Reflections of a Saudi quarantined in India’s utopia

"Questions raced through our minds as we scrambled to collect as much food as possible before the lockdown went into effect"

By Mohammed Aljubran

Mohammed Aljubran in India. Courtesy.

Quarantine is quite a scary word. It is rarely associated with anything positive. It is also not often used outside a few industries, the medical industry being the most obvious one. Today, however, it is a word that we have all become intimately familiar with. The novel coronavirus has impacted the lives of just about everyone in the world. As a result, the word quarantine has evolved. It is still a scary word, but less so than it was months ago. We have all become familiar with it, and the most common word most people associated “quarantine” with is boredom. While most people have experienced what it means to quarantine in their homes, I was fortunate to go through the, perhaps not unique, but singular experience of experiencing what it means to quarantine in India’s Utopia, Auroville.

When I had first arrived in India in mid-February, the coronavirus had only infected three individuals, and it was not clear that it would turn into the worldwide pandemic it has become. I didn’t give it much thought, and spent the next six week backpacking across India. It wasn’t until I arrived in Auroville, that the scale of the pandemic became clear to me. I had chosen to stay at a hostel in India’s utopia as I found that these hostels provide the greatest opportunities for me to absorb the local culture while still connecting with travelers like myself who are looking for new experiences. My ten hostel mates (nine humans and a dog) were cooking dinner and just getting to know each other when the Indian government announced a complete lockdown within the next four hours. Our calm sense of ease was replaced with fear and apprehension, bordering on panic. What did this complete lockdown mean? How long would it last? What kind of supplies would we need? Was the coronavirus that serious? Had we already been infected? These questions raced through our minds as we scrambled to collect as much food as possible before the lockdown went into effect.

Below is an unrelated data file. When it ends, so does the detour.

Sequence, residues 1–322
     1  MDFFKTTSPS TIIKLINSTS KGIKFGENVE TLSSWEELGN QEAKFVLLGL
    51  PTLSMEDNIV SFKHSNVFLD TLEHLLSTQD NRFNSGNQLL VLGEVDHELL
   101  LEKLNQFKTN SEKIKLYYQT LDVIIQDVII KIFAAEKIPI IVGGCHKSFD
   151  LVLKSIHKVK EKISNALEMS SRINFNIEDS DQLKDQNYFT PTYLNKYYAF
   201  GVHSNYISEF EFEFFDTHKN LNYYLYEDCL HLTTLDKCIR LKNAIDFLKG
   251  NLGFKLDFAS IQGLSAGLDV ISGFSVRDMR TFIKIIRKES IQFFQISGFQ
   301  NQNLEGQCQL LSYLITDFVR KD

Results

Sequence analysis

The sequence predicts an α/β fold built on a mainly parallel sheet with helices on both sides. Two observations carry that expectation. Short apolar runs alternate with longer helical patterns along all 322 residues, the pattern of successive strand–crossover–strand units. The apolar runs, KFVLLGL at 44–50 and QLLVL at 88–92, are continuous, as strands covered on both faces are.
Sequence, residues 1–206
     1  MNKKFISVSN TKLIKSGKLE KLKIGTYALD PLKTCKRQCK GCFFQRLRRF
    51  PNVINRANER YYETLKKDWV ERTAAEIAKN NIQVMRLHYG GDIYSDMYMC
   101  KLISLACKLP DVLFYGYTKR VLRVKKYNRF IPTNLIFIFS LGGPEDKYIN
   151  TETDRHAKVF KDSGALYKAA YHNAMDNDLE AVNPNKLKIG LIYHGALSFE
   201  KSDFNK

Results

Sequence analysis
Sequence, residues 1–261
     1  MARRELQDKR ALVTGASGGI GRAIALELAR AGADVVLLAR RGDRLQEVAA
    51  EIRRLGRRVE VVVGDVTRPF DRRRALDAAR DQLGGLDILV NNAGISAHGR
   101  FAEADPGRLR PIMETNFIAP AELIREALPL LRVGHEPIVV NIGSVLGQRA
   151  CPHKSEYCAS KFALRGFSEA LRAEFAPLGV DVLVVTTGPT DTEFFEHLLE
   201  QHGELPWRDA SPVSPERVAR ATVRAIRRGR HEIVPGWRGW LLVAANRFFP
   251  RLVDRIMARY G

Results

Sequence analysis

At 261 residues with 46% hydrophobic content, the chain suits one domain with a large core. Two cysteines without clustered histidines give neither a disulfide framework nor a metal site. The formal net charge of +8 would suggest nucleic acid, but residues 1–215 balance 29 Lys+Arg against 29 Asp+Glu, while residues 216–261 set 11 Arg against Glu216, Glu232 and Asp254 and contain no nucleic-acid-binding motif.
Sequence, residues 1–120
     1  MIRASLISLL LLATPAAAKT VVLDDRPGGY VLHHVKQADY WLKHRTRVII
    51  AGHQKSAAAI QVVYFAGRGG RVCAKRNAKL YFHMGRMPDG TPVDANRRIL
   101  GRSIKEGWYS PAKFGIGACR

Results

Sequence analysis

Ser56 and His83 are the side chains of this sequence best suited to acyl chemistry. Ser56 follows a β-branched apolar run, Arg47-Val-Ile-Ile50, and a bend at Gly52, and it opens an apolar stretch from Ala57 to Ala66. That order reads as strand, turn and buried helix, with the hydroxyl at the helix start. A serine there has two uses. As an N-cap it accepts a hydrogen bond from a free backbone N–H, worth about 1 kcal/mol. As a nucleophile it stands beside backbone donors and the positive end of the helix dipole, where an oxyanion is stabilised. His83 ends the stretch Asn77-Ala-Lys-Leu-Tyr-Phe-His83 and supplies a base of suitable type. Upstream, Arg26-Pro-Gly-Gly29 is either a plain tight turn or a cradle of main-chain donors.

Photographs from Mohammed Aljubran’s time in India during lockdown. Courtesy.

Over the next few days, the fear and panic subsided as we began to settle into a routine. Our hostel was located on a sizable cashew farm, which gave us quite a bit of flexibility to move around, so we didn’t feel too claustrophobic. Our individual travel plans came to a halt, and our worries eased as we understood that we would be confined to the farm for at least 21 days, but that we would still be able to procure additional essential supplies if needed. Instead of travel, our attention shifted to each other. I can confidently say I have made friends during those 21 days that are more akin to family. While we whittled away at the boredom that has become synonymous with quarantine, we laughed, cried and got to know each other better than many family members know each other. Every day we played chess, cooked meals together, and had heartfelt conversations, some of which bordered on quarrels. Yet, each of these conversations brought us closer together in the end. I don’t think I’ve been so sad to part ways with any people as I was at the end of those days.

I think that the essence of quarantine is this: it is an opportunity to reconnect. An opportunity to reconnect with those whom we have the privilege to be at home with. I had the chance to connect with complete strangers and emerged the better for it, so I can only imagine what it must be like to reconnect with those whom I already love and know well. I am now back home in the Kingdom through the help of the Saudi Consulate, and I am looking forward to reconnecting with family. Our connections with the people we love define us, and in fact are all we leave behind when we are gone. More importantly though, I realized the most important connection I formed during my quarantine was with myself. It is that realization of who I am, and what I value, that allowed me to connect with others, and to become a better version of myself. It is also why I was able to take the photographs I am sharing with you here. These photographs are as much a reflection of who I am as they are an image of these beautiful individuals I was privileged to spend quarantine days with. I think we should all quarantine more often.

Explore the rest of the issue here:

Mohammed Aljubran is a photographer from the Kingdom of Saudi Arabia.

The views of the authors and writers who contribute to Sekka, and the views of the interviewees who are featured in Sekka, do not necessarily reflect the views and opinions of Sekka, its parent company, its owners, employees and affiliates.